I would love some input from my readers on this challenge. What else should I include (or consider dropping or modifying)? Should I ask them to get some of those "Learn French in Your Car" tapes so that they listen and repeat adult sentences too (which would help their pronunciation, improve their listening comprehension, and increase their vocabulary)? Should we work out of a textbook (a French for Conversation book, for instance, though those are often geared towards prospective travelers, or perhaps pick and choose from the user-friendly textbook I used to teach from)? Should I try to contextualize everything by, say, starting with a song and teaching the vocab and grammar within the song, or do more list-based work? Should I take advantage of some of the video-based courses that exist for beginning French (like the goofy 1980s French in Action or the excellent but shorter and more challenging Le Chemin du Retour)? Should we invest in a CD-ROM program like Rosetta Stone for them to practice with at home? (And then encourage them to supplement it with some of these ideas?)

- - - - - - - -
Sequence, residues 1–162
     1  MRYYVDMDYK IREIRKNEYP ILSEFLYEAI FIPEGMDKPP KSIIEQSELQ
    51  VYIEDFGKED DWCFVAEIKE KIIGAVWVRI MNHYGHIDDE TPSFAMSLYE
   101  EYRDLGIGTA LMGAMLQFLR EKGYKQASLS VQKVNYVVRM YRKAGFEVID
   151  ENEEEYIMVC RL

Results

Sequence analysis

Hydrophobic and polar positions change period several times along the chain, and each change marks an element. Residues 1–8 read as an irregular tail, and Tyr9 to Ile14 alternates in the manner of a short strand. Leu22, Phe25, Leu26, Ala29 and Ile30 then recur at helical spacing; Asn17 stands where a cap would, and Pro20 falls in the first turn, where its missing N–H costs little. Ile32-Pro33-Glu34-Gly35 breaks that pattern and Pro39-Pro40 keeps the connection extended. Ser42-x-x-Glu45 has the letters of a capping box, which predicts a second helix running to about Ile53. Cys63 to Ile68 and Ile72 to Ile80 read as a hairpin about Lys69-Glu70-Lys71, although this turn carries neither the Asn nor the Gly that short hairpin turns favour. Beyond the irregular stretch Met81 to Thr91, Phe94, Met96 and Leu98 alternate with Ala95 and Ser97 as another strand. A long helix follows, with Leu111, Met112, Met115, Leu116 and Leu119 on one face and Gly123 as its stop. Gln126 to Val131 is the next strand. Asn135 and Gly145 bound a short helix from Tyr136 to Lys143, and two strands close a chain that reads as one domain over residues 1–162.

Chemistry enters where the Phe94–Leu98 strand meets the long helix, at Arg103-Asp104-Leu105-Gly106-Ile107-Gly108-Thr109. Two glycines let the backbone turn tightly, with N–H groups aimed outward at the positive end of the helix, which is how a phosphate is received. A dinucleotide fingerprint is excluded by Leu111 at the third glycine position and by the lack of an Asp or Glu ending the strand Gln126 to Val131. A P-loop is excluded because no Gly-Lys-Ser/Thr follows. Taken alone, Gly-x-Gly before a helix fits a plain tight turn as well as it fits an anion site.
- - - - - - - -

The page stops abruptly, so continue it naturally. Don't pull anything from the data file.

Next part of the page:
Of course, I'll ask them to tell me more about what they want to learn and what they want to be able to accomplish with their grandson(s), and I'll let that guide me when planning lessons. But I'm hoping that some of you will share either what you have done in similar situations or what you would want to do/learn if you were in my in-laws' and my places!

And I hope you'll also join me in commending them for their motivation to learn a new language, especially when they don't envision traveling to places where the language is spoken. It's a big commitment. Moreover, I'm relieved that I haven't had to justify why I'm planning on speaking French to my children--so many of you have had very tense moments with family members who don't understand why the children are being raised with more than one language. I mean, not only do I not have to talk my in-laws (and my husband and my own parents) into the idea of having bilingual grandchildren, but they don't want to be left out of the fun!